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TWHNC Announces Charities Supported by The Celebration 2013



Today, the Tennessee Walking Horse National Association announced the charities that will benefit from this year’s Celebration to take place August 21-31 in Shelbyville, Tenn.

“Giving back to the community is a key part of what The Celebration is all about,“ said Mike Inman.  “The Tennessee Walking Horse, and the many walking horse events that are held throughout the year, bring people together, boost local economies, provide charitable support and ultimately strengthen small communities across the country.”

All but 2% of the proceeds from the concessions at The Celebration go to charities.  At last year’s Celebration, 12 charities and civic clubs raised more than $400,000 during the 11-day event through the sale of food, programs, souvenirs, and other items.  All of the proceeds are used to fund the clubs’ programs, including youth-oriented efforts, recreational and sports leagues, and programs that help the disabled, the poor, and the disadvantaged.

The civic clubs and the charities to which the proceeds will go from The Celebration 2013 are as follows:

•    The Jaycees
•      American Legion
•      Band Boosters
•      Civitan Club
•      Community Lions
•      East Bedford Civic Club
•      Kiwanis
•      Optimist Club
•      Quarterback Club
•      Rotary Breakfast
•      Rotary Noon
•      Veterans of Foreign Wars

The Rotary Breakfast and Rotary Noon are just two of many local groups that participated in last year’s Celebration.  Former Mayor of Shelbyville Henry Feldhaus, a current member of the Shelbyville Rotary Club, estimates that his organization has raised close to one million dollars for charity since 1981 in partnership with The Celebration. The money has funded numerous projects, including the conversion of an old train depot into a library where an adult literacy program holds meetings. Now called the Adult Learning Center, Feldhaus describes it as the Rotary Club’s “signature” effort; the program has helped 300 to 400 adults attain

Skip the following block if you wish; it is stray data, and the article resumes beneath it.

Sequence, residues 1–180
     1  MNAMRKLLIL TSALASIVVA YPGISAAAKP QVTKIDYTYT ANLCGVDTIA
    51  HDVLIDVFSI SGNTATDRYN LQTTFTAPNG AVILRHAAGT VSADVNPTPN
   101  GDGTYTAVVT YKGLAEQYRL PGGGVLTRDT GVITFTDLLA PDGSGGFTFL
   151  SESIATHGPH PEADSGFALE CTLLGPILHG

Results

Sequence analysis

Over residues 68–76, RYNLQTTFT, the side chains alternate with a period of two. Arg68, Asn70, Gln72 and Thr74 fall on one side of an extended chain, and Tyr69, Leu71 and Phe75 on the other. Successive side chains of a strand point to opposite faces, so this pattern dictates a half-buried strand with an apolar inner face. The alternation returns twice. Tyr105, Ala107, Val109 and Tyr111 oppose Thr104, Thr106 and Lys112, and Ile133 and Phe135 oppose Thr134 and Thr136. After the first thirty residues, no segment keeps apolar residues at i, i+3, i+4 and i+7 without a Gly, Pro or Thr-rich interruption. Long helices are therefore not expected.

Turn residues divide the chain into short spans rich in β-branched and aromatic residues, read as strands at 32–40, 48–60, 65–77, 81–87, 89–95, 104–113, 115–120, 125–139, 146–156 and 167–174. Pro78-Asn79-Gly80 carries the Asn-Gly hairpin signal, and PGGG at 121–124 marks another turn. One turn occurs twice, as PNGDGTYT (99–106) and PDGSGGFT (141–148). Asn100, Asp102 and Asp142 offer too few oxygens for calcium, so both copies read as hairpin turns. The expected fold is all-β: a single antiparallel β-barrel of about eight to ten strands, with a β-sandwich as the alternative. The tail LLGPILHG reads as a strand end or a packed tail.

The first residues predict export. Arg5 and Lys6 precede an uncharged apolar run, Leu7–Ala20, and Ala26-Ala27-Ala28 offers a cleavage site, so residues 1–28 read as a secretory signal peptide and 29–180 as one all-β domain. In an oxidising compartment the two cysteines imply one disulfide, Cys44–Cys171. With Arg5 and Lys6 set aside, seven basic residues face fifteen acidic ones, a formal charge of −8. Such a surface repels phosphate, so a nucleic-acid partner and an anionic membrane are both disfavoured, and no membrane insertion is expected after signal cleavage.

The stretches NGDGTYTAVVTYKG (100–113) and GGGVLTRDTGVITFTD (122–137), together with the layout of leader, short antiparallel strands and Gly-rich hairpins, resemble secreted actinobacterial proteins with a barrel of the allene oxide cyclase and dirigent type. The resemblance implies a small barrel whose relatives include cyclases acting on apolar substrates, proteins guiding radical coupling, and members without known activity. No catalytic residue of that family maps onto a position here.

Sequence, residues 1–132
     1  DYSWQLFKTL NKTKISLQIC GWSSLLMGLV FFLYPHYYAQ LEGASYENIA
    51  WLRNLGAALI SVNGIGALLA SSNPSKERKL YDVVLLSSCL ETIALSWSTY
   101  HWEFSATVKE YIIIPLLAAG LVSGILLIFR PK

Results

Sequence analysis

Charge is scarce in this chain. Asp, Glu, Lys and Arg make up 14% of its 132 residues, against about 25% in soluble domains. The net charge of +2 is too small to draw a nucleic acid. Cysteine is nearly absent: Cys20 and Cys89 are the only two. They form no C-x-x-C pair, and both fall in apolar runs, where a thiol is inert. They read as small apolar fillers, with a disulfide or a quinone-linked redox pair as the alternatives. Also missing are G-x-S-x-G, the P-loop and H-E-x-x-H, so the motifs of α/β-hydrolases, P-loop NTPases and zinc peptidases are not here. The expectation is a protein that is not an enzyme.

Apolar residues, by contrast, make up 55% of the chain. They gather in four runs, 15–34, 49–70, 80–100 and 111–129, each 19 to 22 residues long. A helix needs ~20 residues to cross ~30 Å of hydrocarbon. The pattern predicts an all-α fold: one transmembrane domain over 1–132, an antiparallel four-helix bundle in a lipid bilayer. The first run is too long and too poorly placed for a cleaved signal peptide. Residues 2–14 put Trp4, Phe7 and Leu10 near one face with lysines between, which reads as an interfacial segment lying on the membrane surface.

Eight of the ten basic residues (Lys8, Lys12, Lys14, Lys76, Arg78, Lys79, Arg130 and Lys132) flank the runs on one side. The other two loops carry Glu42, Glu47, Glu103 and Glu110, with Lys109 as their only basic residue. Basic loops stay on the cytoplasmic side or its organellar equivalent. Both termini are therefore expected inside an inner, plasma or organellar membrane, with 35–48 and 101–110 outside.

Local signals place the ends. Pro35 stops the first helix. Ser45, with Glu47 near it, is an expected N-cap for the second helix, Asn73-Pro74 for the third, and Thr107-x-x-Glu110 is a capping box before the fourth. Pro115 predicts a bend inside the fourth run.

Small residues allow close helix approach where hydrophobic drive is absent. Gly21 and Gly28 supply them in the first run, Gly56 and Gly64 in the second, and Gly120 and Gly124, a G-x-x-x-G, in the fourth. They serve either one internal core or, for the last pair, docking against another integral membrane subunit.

GED certifications each year since its inception in 1990. This leap in adult education has made an astounding impression upon the Shelbyville community—in a little more than two decades, the percentage of adults without high school diplomas has dropped from 50 to 25. Two of the program’s graduates have been awarded the title of “National Adult Learner of the Year.”

Another civic establishment, the Shelbyville Lions Club, has sold programs at the Celebration since its inception 75 years ago. The proceeds from these sales fund eye-screening exams, as well as cataract surgeries for children in need at the Tennessee Lions Sight Center at Vanderbilt University. The clubs own members and volunteers go to area schools with screening devices, and will buy glasses for children whose families cannot afford them. Edward “Bucker” Huffman, Jr., a member and spokesperson for the Shelbyville Lions Club, estimates that his organization has raised about a million dollars since the beginning of their partnership with the Celebration, and says that the earnings each year account for 75% of the Club’s revenue.

The Celebration is the largest and most prestigious event to showcase the Tennessee Walking Horse. The tradition of The Celebration has left an indelible mark on small rural communities throughout the country, after 75 years of crowning world champions and giving back to communities.  In addition to helping charities raise hundreds of thousands of dollars each year, the festivities bring in $38 million annually into the Middle Tennessee economy.

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